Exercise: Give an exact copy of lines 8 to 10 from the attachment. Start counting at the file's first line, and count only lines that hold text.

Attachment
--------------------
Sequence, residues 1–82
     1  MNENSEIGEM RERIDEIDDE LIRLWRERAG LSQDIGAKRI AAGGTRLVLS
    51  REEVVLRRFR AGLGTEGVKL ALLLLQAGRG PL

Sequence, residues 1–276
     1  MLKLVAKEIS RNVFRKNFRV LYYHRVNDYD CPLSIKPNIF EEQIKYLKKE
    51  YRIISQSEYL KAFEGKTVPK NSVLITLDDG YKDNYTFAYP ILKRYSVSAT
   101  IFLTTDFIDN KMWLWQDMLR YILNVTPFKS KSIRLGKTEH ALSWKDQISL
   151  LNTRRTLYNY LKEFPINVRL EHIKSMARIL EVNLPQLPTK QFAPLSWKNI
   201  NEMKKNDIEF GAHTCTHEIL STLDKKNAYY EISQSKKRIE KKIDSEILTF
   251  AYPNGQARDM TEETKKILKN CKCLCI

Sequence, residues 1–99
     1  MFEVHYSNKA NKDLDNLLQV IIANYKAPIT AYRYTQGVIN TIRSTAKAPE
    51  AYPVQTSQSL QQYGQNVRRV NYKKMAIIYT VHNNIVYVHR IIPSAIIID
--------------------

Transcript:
   151  LNTRRTLYNY LKEFPINVRL EHIKSMARIL EVNLPQLPTK QFAPLSWKNI
   201  NEMKKNDIEF GAHTCTHEIL STLDKKNAYY EISQSKKRIE KKIDSEILTF
   251  AYPNGQARDM TEETKKILKN CKCLCI